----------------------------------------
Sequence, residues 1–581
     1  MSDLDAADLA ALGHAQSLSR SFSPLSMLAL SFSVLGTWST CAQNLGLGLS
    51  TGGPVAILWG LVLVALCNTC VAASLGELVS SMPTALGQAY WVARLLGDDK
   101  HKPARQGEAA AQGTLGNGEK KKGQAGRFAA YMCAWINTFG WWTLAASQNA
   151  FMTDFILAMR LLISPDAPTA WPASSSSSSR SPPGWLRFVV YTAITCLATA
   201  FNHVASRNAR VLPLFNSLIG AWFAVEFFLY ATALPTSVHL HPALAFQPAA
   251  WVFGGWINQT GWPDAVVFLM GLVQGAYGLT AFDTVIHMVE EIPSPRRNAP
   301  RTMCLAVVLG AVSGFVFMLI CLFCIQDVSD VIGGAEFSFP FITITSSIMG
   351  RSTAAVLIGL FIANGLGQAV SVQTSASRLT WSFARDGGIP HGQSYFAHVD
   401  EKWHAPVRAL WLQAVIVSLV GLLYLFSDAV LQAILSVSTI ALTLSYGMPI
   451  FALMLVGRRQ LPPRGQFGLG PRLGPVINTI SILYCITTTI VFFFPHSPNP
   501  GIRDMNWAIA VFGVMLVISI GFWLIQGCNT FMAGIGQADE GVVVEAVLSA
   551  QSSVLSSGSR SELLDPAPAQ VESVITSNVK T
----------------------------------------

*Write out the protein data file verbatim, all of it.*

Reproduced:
Sequence, residues 1–581
     1  MSDLDAADLA ALGHAQSLSR SFSPLSMLAL SFSVLGTWST CAQNLGLGLS
    51  TGGPVAILWG LVLVALCNTC VAASLGELVS SMPTALGQAY WVARLLGDDK
   101  HKPARQGEAA AQGTLGNGEK KKGQAGRFAA YMCAWINTFG WWTLAASQNA
   151  FMTDFILAMR LLISPDAPTA WPASSSSSSR SPPGWLRFVV YTAITCLATA
   201  FNHVASRNAR VLPLFNSLIG AWFAVEFFLY ATALPTSVHL HPALAFQPAA
   251  WVFGGWINQT GWPDAVVFLM GLVQGAYGLT AFDTVIHMVE EIPSPRRNAP
   301  RTMCLAVVLG AVSGFVFMLI CLFCIQDVSD VIGGAEFSFP FITITSSIMG
   351  RSTAAVLIGL FIANGLGQAV SVQTSASRLT WSFARDGGIP HGQSYFAHVD
   401  EKWHAPVRAL WLQAVIVSLV GLLYLFSDAV LQAILSVSTI ALTLSYGMPI
   451  FALMLVGRRQ LPPRGQFGLG PRLGPVINTI SILYCITTTI VFFFPHSPNP
   501  GIRDMNWAIA VFGVMLVISI GFWLIQGCNT FMAGIGQADE GVVVEAVLSA
   551  QSSVLSSGSR SELLDPAPAQ VESVITSNVK T